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Oeuvre Andrea Moreno Atelier Montex

Andrea Moreno 

A few days after the 19M Galerie Marseille pop-up launched on the occasion of Chanel showing their Cruise’24 collection in the city, TANK caught up with artist Andrea Moreno, whose newly commissioned piece Tita, 2024 took centre stage in the exhibition.

“The curator Caroline Perdrix knew my work: we had met even before I graduated from ceramic school [at Maison de la Céramique in Dieulefit, France], but she also came to see the graduation show and loved it. From then, we were chatting about doing collaborations and then this opportunity came up, with her asking me to be a part of the show. She pushed a lot for me to be in it because, let’s face it, I’m not really well known, and it's only been two years since I finished my studies in ceramics. I really created a different language because before I was doing more in illustration, which I studied in London. And while I did start doing ceramics like seven or eight years ago, they were very figurative. Since my studies I have developed my practice, which I'm really comfortable with, let's say for now.

A lot of my work is really personal. I left Venezuela when I was 17 and then I went to Belgium to learn French. My parents were like, “Don't come back here. We really advise you to just go study another language.” So my mom did everything to buy me a one-month course in London, and I managed to study in London in Kingston University for three years. After finishing studying illustration there, it’s quite funny but I just couldn't understand so well the illustration world, where or how to work. And then I started cooking because I had nine jobs in one year because I couldn't speak English. And I come from a cooking family. My dad is a chef and my mom is a singer and they worked together since I was born in restaurants. So by then, I was like, Yeah, I'm just gonna cook.

So I started cooking in restaurants and cafes and then I did a pop-up restaurant called Caracas Baby, which became my business in London, which was kind of hilarious. After two years of having this restaurant my boyfriend and I said “Let's move somewhere sunny because we need to feel good again. And he's from here [Marseille] so we moved here and I started getting really serious about coming back again to my art practice.

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I try to build a bridge between my origins and everything I remember, about architecture, domestic objects or things that relate to me, or my family, which is really rich territory for me. My research is to connect back to Venezuela. I feel memories are super abstract and the hammock [a new piece made for the 19M Galerie Marseille exhibition], for example, is just made up of little pieces of everything that built me as a person.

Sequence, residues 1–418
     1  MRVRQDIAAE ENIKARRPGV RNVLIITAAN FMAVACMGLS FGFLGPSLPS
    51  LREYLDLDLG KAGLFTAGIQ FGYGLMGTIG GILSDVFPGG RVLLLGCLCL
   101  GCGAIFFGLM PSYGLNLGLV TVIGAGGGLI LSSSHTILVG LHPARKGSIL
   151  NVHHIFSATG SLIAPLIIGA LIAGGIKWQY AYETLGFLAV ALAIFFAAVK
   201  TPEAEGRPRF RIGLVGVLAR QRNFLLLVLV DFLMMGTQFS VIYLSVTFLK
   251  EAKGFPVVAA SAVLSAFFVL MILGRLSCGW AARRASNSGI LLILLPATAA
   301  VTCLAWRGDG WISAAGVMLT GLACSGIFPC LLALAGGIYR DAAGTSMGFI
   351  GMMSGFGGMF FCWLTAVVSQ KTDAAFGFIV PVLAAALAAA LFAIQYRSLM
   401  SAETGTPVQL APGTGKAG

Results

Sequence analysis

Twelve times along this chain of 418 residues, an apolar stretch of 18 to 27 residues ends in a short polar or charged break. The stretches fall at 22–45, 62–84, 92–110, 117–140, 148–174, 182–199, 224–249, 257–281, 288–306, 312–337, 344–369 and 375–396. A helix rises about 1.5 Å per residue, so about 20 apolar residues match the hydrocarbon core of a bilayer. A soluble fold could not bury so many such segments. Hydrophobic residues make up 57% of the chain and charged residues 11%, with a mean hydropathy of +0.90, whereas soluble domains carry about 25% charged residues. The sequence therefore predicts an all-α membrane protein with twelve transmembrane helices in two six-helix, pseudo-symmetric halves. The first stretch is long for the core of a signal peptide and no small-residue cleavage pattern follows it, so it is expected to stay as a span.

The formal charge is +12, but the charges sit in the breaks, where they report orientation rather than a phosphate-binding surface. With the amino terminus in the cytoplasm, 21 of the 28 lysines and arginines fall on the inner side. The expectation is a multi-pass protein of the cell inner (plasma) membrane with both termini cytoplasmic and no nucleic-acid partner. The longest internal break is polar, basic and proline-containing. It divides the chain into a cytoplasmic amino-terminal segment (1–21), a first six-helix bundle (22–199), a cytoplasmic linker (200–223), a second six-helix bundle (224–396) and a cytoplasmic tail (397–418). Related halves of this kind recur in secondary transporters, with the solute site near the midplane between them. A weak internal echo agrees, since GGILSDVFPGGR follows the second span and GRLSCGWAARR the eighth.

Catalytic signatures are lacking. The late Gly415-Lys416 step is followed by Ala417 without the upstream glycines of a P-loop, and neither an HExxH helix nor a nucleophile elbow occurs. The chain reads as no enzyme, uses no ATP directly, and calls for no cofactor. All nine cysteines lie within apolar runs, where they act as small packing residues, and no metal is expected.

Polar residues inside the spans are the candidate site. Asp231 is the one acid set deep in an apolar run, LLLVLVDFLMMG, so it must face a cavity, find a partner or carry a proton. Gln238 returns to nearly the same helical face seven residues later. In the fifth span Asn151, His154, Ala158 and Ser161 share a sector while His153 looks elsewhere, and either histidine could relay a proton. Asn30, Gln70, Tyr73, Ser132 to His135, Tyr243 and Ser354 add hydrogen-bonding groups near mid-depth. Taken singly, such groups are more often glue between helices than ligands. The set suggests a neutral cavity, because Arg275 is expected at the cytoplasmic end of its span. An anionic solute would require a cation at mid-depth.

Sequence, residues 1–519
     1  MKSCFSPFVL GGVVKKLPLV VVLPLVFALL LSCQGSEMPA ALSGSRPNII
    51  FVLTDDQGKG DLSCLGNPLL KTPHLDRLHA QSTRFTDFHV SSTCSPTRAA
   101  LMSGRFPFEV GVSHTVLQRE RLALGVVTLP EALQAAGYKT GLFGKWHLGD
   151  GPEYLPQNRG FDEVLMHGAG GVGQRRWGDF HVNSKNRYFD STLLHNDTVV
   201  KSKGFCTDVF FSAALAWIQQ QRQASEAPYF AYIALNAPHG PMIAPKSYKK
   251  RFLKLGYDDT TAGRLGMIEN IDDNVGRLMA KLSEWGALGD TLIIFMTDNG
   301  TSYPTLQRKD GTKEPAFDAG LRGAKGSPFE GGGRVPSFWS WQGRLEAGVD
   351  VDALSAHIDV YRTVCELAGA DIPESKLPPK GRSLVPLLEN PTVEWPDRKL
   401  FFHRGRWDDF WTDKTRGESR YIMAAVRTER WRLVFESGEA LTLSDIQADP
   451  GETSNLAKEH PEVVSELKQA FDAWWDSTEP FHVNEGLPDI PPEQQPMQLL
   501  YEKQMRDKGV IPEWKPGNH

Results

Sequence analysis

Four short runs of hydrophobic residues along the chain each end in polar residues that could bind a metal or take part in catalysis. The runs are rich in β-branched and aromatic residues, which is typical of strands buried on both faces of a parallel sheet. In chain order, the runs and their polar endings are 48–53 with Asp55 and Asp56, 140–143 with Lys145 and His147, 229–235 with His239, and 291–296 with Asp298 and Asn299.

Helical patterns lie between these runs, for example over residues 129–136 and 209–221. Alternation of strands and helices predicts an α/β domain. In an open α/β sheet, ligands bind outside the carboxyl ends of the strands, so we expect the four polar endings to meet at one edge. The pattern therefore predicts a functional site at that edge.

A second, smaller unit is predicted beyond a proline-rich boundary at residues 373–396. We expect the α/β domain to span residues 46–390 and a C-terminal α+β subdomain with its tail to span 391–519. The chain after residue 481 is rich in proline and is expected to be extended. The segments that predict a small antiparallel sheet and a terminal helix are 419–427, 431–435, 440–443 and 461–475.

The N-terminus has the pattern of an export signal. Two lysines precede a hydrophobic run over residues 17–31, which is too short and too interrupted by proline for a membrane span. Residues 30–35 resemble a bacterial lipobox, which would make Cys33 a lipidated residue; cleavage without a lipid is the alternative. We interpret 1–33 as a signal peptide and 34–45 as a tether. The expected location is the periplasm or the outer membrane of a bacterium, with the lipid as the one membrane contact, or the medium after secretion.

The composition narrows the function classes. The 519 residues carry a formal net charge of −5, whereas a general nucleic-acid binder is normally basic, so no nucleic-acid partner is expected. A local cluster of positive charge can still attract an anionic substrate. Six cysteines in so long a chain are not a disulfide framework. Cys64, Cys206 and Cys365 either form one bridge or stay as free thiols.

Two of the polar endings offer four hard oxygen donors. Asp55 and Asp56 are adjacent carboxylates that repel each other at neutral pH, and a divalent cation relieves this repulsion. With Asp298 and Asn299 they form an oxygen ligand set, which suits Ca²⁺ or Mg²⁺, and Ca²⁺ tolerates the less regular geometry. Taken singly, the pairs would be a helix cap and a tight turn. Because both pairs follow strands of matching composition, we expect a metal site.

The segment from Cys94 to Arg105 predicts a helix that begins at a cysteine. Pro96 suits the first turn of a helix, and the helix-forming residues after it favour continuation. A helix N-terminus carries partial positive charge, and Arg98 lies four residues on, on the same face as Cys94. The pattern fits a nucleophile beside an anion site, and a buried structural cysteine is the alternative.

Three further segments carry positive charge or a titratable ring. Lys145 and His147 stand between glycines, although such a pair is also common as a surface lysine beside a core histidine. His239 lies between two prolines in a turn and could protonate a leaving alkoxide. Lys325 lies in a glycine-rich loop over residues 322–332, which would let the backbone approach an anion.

The hammock is made from an old artwork that got broken [into pieces]. So it's the leftovers of a piece that I built before, which was a curtain that got broken at a festival where it was displayed. I connected those broken pieces with pieces from other projects that I felt weren't finished. The team at Atelier Montex [an embroidery studio], who had visited my studio and had fallen in love with the Village Curtain that I had made previously, thought to remake it. We'd been having conversations about repairs, and how important this is both in embroidery and ceramic worlds.

My sculpture work is about fragments and it's about repairing things, gluing things together, creating union - which we’ve made in the hammock, and using a lot of what's available. We found rubbish in the studio - I like using that word because we give value to pieces that were in use already or put aside - and the idea was to build the connection between all of these materials.

The shape came after because I wanted to find a shape that was embroidered but also similar to objects from where I’m from in Venezuela - and next door to my region is a village where they make hammocks. It is an embroidered object that is close to my family history as I always had one at my house. It’s a container of people, and I don't know if it makes any sense, but for me, it's an object that symbolises a migration.

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The collaboration with Aska Yamashita [Director of Atelier Montex since 2017] was amazing because I was in direct conversation with her, to go through the off-cut samples from Montex’s studio, to talk about how to embroider ceramics and translate the embroidery into a plastic language, with five or six different types of embroidery sequences. We selected colours together (you’ll find I chose a lot of food-oriented colours) and we worked together to finish the composition with their team so that every piece in the Hammock is unique.”

To coincide with the CHANEL 2024/25 Cruise collection fashion show on 2 May in Marseille, le19M is setting up a free temporary gallery that is open to the public in the Fort Saint-Jean of the Mucem. From 3 to 26 May, la Galerie du 19M Marseille will provide a space for dialogue and expression between the Métiers d’art and the Marseille art scene.

For more information, click here.